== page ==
Speak to any group of writers about platform-building and within five minutes you’ll hear someone mention that they “should” be building their email list or how nice it would be to have a paid newsletter.
We’ve all received the memo that our email lists are one of the only pieces of owned media we have, rather than the audience we borrow from Twitter or Facebook. Emails are not at the mercy of the algorithm and do not take hours to master, like Reels. Then why are so many writers thinking about building their email list, but not really doing it?
List building and newsletter strategy are two different things.
Many writers stall out while developing a complex newsletter strategy, or can’t conceive of what they would share in a regular email, so they don’t build their list at all.
But you don’t need to start strategizing newsletter content or setting a delivery schedule. All that can wait. Instead, you can (and should) start today by building your list.
I have grown my audience over the last few years, but mostly ignored my email list. That is, until the Instagram and Facebook blackout last October. I had interviews to promote and a book to sell, but I was left without any connection to my audience. For each of us, having a way to contact our audience directly is essential. I never wanted to worry about being cut off again, no matter what changes Meta (Facebook) introduces down the road.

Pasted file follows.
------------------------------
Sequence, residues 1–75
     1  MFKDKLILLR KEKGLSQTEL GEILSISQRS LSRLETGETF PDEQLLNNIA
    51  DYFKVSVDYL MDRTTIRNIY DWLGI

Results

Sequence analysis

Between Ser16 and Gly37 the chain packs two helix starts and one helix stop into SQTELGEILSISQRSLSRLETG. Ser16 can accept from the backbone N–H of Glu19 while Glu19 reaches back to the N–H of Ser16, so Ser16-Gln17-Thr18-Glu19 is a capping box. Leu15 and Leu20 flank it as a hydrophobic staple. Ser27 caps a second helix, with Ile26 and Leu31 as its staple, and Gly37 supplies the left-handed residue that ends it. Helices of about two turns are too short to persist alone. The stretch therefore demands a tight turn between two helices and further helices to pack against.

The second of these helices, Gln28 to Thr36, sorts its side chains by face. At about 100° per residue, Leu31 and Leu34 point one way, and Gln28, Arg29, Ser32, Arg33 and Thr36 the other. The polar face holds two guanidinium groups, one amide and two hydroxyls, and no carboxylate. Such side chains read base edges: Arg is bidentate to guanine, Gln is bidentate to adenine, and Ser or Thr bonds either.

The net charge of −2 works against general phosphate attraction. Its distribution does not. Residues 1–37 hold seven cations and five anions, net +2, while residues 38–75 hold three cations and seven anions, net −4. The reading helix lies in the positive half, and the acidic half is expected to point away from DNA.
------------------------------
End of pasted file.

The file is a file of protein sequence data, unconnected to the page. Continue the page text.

That day I created my first freebie: a one-page document (PDF) in Canva. Since then I’ve gained 22,000 new signups and launched two paid newsletters. I’ve helped clients’ lists grow exponentially as well.
What can you offer that people need?
Your audience journey goes something like this: someone reads an incredible essay you wrote, watches one of the videos that you shared, hears you on a podcast, or catches your Instagram Live.
They’ve made first contact.
After that initial impression that your writing or speaking made on them, they’re going to want more.
- What did the reader love about the piece or the interview or the video?
- If your writing impacted them, what do they want from you?
- And how can you give that to them?
As writers, we often feel that we could offer meaningful support, encouragement, inspiration, or education by sharing our personal perspective and experiences. We create connections by making people feel seen, and offering insight, camaraderie, and value to our audience. That value is the key to turning views and likes into email subscribers.
So give it away. Focus on the problem you can help people solve and then share your solution as a free (and simple) download that people can receive when joining your mailing list.
Your freebie is the answer to this essential question: what value are you putting into the world?
The right freebie should fit in naturally with what you are already writing and speaking about and what you know your audience wants. Your freebie can even act as a reverse mission statement. Looking at it should give people a one-page snapshot of who you are and the writing you do.